The very nature of these nocturnal visits is perhaps the most alarming aspect of the book; the mere fact that ‘they’, whatever ‘they’ are, can simply appear at will whenever and wherever they want. The fact that Ellis heard a voice whisper, ‘Peace, no harm’, during these encounters is neither here nor there; ‘they’ have no right to effectively break in to someone’s home during the hours of darkness and take them (or anyone else for that matter) without explicit consent. The possible implications of these actions nor the circumstances surrounding them are not discussed in the book, but should provide the reader with much cause for speculation and concern. The book is profusely illustrated with B&W pictures showing the places and people Ellis encountered on his travels plus other aspects of what is detailed in the text. In addition to his one-on-one experiences Ellis also treats us to accounts of his visits with some of his friends and the astonishing events that occurred when he visited the homes of the Andrews family and John and Katie Pickering are almost worth the price of the book alone. The work also includes a word of warning and one that I will wholeheartedly endorse, leave Ouija boards well alone unless in the company of an experienced medium or psychic. Most of the time the messages are harmless, but occasionally the entities that communicate through them are malicious liars and the dabbler is well advised to treat them with great respect.
How to categorise this book? No doubt it will end up among the many UFO and New Age related titles that grace the shelves of many bookstores, but in my humble opinion it does not belong there. Instead, I believe it should be on the shelves devoted to the occult and magical, because although at first sight a work impinging on Ufology, abduction and missing time, all of which are facets of the UFO legacy, in reality this is book of magic and mysticism. As I said at the start of the review, this is the story of a modern day shaman and if the truth be told shamans are magicians in all but name. If there is only one possible criticism of this excellent work it is this; the title does not do it credit, not by a long shot, the one thing missing below the main title, ‘Dogged Days’, is a small subtitle saying, ‘A Book of Wonders’, for this surely is what it is and I heartily commend it to any student of the paranormal and the occult. Here is truth and more power to your elbow Ellis.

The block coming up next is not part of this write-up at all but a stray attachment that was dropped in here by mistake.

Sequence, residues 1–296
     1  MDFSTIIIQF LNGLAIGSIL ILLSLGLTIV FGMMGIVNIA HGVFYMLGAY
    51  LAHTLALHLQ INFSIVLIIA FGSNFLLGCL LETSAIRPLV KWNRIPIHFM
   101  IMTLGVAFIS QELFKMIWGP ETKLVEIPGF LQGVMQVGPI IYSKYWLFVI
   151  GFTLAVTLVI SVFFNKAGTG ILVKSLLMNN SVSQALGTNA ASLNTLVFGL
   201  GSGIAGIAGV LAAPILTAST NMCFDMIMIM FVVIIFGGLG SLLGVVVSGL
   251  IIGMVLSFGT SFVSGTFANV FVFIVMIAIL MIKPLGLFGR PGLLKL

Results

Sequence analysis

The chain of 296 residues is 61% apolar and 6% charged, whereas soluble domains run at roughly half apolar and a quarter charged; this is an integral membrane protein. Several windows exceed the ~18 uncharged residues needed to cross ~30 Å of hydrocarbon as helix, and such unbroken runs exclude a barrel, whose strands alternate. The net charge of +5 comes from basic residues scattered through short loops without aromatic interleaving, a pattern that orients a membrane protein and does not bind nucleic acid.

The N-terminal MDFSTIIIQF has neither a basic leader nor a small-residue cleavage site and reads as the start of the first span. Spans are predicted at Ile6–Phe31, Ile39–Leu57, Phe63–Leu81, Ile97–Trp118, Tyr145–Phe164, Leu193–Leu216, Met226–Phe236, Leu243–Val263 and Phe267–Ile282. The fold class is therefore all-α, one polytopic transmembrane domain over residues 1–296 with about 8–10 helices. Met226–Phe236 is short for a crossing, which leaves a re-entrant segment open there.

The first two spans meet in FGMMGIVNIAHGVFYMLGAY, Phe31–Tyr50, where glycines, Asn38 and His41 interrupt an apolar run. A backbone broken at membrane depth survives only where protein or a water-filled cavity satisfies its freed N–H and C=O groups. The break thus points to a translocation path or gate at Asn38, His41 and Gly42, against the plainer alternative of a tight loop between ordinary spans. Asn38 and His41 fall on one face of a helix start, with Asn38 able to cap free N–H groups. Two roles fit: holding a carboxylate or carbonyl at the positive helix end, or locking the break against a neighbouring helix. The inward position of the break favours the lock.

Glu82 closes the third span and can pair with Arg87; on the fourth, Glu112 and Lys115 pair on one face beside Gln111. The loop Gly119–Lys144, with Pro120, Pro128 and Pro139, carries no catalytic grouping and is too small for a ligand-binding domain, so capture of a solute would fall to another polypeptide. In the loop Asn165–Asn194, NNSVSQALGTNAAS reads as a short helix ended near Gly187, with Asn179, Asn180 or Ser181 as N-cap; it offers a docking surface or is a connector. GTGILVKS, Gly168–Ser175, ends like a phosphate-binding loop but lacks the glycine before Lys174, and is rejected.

Brian Allan is a UFO/Paranormal researcher, lecturer and writer. He is the Scottish Director of Strange Phenomena Investigations (SPI UK) (Scotland) and co-director of P.E.G (Paranormal Encounter Group).
Ben Emlyn-Jones is a writer, broadcaster and researcher.
From the moment I first encountered the work of Ellis Taylor I knew that the world was not the place I previously thought it was. For many years now he has been compassionately and courageously sharing his remarkable life story in his books and articles and Dogged Days is the most recent instalment in that epic tale. Ellis is an Australian-born paranormal researcher, author, lecturer, hypnotherapist and numerologist. He lives in Perth, Australia and Oxford and you can usually see him at conferences and study events all over the world. This is how I first met him: he’s a Probe Buddy. You can read my report on his latest Probe lecture here: http://hpanwo.blogspot.com/2008/10/uk-probe-conference-october-08.html
Ellis describes himself as an “otherworld traveller” and throughout his life he has spent time experiencing a world that is normally hidden from view behind the screen that demarcates the universe that we know as “Reality”. Modern Conformist Western Logical Materialism constantly tells us (sometimes with a twinge of desperation!) that “Reality” is all that exists and there is nothing beyond it, but this is not true. I too have had first-hand experience of phenomena beyond the veil, but not as extreme as Ellis’. Ellis says on the blurb of the book: “We’re informed that humans who come forward to recount their contact with other worlds and beings are merely chasing glory or making… money. Well let me tell you that there is little or no money in the field and there is certainly no glory.” And I’d go as far as to say that it’s worse than merely “no glory”. Anyone who speaks out about encounters like Ellis’ is made a laughing-stock and few people are willing to brave that. Ellis should therefore be congratulated for this reason alone. I wonder how many other people have had similar experiences to Ellis but dare not talk about them.
I live in Oxford too and, although I’d never originally met Ellis in my hometown, his work has made me look at the city in a different light and encouraged me to do my own research and make my own discoveries; see here: http://hpanwo.blogspot.com/2007/08/illuminati-architecture-in-oxford.html . The history of this ancient and fascinating city, like all history, exists on two levels: the official and the folk. It is in the folk history that the true revelations can be found and a surprising amount of it has been discovered through otherworld journeys like Ellis’. Hauntings, ghosts, intuitive revelation, secret chambers and passageways and underhand plots.